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I am trying to get a sense of what tools people are using for system modeling? Right now I use:

  • Data Modeling - Erwin
  • System Architecture - Visio
  • UML - Visio

I have been looking for a good freeware data modeling tool that can rival Erwin, but haven't found anything yet. I have always wondered if tools like Popkins System Architect are any good too.

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closed as not constructive by Bill the Lizard Aug 8 '12 at 1:53

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Try this tool for SQL Server Physical models. Info can be found here... facebook.com/DataModelerTool or here... plus.google.com/108968161662966473138 –  Carter Feb 13 at 3:52

6 Answers 6

Personally, I subscribe to the philosophy that the code is the design.

Tools used: pen & paper, whiteboard, IDE.

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Here are quite a few related questions (and lots of answers) on the subject of UML:

http://stackoverflow.com/questions/15376/whats-the-best-uml-diagramming-tool

http://stackoverflow.com/questions/149873/if-you-dont-design-in-uml-then-what-do-you-design-in

http://stackoverflow.com/questions/149746/open-source-analysis-design-tools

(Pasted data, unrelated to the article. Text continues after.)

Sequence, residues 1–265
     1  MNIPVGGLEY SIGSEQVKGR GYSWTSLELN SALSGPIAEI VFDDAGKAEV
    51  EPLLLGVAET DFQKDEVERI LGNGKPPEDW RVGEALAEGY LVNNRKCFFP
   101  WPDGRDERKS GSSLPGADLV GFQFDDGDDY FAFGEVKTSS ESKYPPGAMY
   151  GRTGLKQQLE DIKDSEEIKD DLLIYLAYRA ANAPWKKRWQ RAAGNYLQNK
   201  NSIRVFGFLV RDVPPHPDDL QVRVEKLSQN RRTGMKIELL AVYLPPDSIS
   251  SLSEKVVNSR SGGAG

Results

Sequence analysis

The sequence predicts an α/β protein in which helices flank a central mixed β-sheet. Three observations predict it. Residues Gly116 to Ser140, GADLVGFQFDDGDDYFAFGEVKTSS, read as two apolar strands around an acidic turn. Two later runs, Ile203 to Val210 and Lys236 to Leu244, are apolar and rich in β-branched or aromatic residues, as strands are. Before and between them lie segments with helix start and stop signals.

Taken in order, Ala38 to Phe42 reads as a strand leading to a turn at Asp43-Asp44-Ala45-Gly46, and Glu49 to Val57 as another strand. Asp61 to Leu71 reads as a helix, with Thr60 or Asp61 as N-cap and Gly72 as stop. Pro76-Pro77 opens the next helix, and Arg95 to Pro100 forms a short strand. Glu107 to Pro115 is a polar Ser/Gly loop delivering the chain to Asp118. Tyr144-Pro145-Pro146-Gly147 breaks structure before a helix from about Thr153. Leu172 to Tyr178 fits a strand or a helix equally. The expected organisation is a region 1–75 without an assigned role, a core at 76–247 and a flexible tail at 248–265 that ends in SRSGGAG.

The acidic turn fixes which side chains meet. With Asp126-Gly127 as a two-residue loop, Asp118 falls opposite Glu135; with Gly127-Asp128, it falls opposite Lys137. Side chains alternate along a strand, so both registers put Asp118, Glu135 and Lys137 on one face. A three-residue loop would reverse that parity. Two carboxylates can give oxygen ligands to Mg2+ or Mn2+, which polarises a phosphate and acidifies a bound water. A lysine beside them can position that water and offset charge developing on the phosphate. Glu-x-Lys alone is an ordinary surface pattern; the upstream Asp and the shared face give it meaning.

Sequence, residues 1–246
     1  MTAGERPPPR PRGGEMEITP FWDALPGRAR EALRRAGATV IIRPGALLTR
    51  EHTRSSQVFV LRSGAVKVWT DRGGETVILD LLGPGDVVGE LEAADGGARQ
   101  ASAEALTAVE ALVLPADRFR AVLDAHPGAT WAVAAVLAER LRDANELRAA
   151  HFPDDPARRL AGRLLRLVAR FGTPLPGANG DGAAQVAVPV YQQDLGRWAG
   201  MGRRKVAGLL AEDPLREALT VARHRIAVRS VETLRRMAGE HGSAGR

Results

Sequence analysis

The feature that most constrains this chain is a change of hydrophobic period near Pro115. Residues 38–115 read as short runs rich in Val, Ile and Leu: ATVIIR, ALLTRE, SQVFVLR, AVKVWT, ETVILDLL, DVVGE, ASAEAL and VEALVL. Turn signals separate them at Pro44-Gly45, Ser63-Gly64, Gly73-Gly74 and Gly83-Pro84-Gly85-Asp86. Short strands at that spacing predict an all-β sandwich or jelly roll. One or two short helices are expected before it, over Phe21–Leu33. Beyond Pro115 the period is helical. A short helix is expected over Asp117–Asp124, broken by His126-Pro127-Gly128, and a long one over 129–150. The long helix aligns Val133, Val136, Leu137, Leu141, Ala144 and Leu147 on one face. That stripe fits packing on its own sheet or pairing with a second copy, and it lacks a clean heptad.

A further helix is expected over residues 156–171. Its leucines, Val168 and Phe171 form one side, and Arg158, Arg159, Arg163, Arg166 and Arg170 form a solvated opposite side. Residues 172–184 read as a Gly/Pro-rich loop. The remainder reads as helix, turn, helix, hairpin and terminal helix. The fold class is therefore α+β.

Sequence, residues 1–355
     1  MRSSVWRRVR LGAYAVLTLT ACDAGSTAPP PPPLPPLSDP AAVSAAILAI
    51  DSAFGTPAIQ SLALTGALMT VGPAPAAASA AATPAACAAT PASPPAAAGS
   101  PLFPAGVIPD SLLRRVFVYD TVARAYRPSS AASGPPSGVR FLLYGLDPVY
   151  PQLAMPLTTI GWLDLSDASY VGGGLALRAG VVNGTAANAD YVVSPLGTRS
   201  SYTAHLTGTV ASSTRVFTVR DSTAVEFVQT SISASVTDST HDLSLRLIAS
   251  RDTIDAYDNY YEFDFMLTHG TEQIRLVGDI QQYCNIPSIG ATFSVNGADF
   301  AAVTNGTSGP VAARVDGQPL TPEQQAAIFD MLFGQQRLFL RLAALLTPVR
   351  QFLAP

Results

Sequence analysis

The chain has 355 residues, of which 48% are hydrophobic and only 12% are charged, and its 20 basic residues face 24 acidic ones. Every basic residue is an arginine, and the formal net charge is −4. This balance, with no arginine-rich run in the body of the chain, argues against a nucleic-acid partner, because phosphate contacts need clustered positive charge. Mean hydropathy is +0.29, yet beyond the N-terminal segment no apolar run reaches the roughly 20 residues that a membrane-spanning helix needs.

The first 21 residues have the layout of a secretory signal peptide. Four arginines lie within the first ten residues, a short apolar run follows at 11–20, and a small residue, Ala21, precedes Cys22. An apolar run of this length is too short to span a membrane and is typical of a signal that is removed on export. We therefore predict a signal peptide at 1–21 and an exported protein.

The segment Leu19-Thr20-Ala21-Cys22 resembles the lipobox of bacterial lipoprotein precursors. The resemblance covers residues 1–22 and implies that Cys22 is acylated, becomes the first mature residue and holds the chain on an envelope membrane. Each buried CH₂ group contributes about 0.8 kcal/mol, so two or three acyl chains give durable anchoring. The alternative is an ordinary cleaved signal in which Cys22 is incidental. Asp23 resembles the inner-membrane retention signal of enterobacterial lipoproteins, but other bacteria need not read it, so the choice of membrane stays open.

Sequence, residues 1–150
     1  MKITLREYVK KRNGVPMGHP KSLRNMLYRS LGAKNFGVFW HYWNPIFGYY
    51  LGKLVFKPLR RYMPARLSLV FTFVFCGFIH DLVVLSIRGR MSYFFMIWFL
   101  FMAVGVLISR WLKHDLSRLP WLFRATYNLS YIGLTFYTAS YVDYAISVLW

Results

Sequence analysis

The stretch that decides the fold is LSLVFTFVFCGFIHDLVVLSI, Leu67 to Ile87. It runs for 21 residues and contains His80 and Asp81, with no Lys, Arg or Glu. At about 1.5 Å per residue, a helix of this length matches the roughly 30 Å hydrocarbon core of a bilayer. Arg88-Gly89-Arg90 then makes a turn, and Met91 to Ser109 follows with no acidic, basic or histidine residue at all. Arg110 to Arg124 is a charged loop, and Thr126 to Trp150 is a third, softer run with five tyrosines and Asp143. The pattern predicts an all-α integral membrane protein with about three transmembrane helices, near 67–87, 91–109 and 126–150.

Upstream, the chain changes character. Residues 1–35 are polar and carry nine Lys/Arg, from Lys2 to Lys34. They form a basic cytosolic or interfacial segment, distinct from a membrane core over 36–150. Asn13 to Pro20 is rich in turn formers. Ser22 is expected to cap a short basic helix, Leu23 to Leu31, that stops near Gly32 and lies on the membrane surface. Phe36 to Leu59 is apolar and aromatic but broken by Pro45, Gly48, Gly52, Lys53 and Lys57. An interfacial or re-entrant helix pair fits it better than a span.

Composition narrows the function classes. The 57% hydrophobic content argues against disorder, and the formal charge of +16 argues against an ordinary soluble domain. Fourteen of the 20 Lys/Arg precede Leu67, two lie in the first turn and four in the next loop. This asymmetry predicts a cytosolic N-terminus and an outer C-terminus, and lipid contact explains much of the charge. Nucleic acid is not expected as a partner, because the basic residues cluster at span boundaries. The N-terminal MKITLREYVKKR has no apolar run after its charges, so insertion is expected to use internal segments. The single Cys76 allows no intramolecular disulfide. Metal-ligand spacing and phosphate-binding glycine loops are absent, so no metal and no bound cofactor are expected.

http://stackoverflow.com/questions/212553/what-tools-do-you-design-software-with

http://stackoverflow.com/questions/33643/diagramming-software-for-a-developerdesigner

I'm sure there are other threads on SO about this, but this is a start.

Personally, I have used DBDesigner for my DB development and typically whiteboard solutions for our software design. We don't do a lot of UML in-house with formal tools, though I've used it before (Rational Rose...ugh, what a poor app that was) and in a larger setting with a large developer base, I could see some utility in the diagrams. Our outfit is small so we can whiteboard solutions more effectively.

Hope they help!

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For databases, if you want more than just drawing ERD diagrams, e.g. conceptual modeling, I suggest Object Role Modeling, and VisioModeler is free. Note: it doesn't have much if anything to do with Visio.

Here are the Agile creds and some introductory info.

I haven't traditionally had much luck using ERD diagrams to explain anything useful to non-programmers.

Scott Ambler

Scot Becker

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I use Microsoft Word to draw shapes and lines and such to be honest. It's pretty easy and looks good. I don't need all the technical constraints and such to draw most models. If they get too complex or detailed they end up being impossible to read anyway.

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Give ARIS Express a try, which is free-of-charge.

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You can create UML class, sequence, component, use case, and activity diagrams in Visual Studio 2010 Ultimate. You can link these diagrams to Team Foundation work items so you can plan and track development and test work. You can also create sequence, dependency graphs, and layer diagrams from code and use Architecture Explorer to browse and explore your solution.

I've posted more links on my profile for more info.

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